Summer transfer window 2016: What does the Premier League's spending extravaganza mean for the wider European game?

 
Joe Hall
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Manchester City v Sunderland - Premier League
Pricey player: Manchester spent over £180m on new players including £47m on John Stones (Source: Getty)

Just over two months after its national team were humiliated in front of Europe at the hands of Iceland, English football has reminded the world, when it comes to the transfer market, it remains king.

The Premier League flexed its financial muscles this summer by spending a record-breaking £1.165bn on new players, crushing the outlay of Europe's biggest leagues.

Europe's second-highest spending league, Italy's Serie A, still spent some £565m less than England's top division.

A huge new £8bn Premier League broadcasting deal that guarantees every club at least £100m in TV money at the end of this season has widened the chasm between English and European clubs' financial power.

Read more: Six charts that sum up the Premier League's record-breaking summer transfer window spending spree

Manchester City, the league's biggest spenders this summer with over £180m splashed on new players, even managed to top the total division outlay from the top divisions in China, France, Russia, Turkey and Holland.


(Source: statista.com)

Even Bournemouth were able to convince Jack Wilshere that a stint on the South Coast was a better option than a loan to seven-time European champions AC Milan, while the £40m Premier League parachute payments allowed the Championship's Newcastle and Aston Villa outspend last year's Champions League finalists Real and Atletico Madrid.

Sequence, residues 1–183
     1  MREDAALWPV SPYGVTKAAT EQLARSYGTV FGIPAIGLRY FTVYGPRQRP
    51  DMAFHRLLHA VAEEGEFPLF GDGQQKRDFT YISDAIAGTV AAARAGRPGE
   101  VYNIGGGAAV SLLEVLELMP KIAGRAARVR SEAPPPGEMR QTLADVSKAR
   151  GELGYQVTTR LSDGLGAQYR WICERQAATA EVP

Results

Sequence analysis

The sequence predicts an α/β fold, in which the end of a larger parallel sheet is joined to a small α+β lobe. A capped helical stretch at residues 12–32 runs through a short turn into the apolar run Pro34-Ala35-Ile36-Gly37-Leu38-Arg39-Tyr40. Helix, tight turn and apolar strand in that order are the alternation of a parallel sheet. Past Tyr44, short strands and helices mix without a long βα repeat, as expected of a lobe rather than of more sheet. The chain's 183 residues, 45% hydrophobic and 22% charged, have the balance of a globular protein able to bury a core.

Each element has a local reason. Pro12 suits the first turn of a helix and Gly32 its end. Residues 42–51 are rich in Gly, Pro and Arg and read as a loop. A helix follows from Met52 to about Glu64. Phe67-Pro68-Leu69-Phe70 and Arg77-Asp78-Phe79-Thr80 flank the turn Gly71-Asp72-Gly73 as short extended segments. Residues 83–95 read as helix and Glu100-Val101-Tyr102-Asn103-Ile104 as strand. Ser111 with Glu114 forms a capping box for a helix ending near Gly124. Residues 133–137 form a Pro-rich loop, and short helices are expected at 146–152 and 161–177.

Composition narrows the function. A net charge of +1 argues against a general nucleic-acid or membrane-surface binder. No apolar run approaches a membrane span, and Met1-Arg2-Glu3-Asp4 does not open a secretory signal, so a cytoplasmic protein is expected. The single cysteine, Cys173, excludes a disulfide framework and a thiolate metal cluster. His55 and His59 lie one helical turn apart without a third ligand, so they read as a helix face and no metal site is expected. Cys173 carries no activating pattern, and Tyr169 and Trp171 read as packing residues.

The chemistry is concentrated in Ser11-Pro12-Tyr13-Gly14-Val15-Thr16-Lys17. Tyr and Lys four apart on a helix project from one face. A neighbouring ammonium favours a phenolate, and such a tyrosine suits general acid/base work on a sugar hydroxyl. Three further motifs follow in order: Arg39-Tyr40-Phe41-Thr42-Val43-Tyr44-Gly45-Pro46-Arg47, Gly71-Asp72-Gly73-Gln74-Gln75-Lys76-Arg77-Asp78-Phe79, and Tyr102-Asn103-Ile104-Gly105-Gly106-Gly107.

"The big difference now is that nearly all the English Premier League clubs can be competitive in the European market for players as no other country has such a lucrative contract spread across the league," says Philip Shepherd, a partner at PriceWaterhouseCooper.

Already the repercussions are being felt in the European game, with concerned European giants leading a charge for Champions League reform which has led to Uefa guaranteeing the top four leagues four teams in the group stage every year from 2018/19.

And while European sporting directors may frown, financial officers' eyes may light up at the prospect of English clubs spending themselves silly on their players.

According to figures from Deloitte's Sport Business Group, 62 per cent of the Premier League's record expenditure went into the accounts of overseas clubs as clubs continue to prioritise playing ready made stars proven on the continent.

Chelsea, for example, have sent out 38 predominantly young players out on loan this summer while spending £90m on players from abroad.

Agents, too, will be feeling flush with cash. Paul Pogba's representative Mino Raiola made a reported £20m from his clients Old Trafford move while according to Fifa worldwide intermediary fees have surpassed £100m this year, a huge percentage of which will have come from English clubs.

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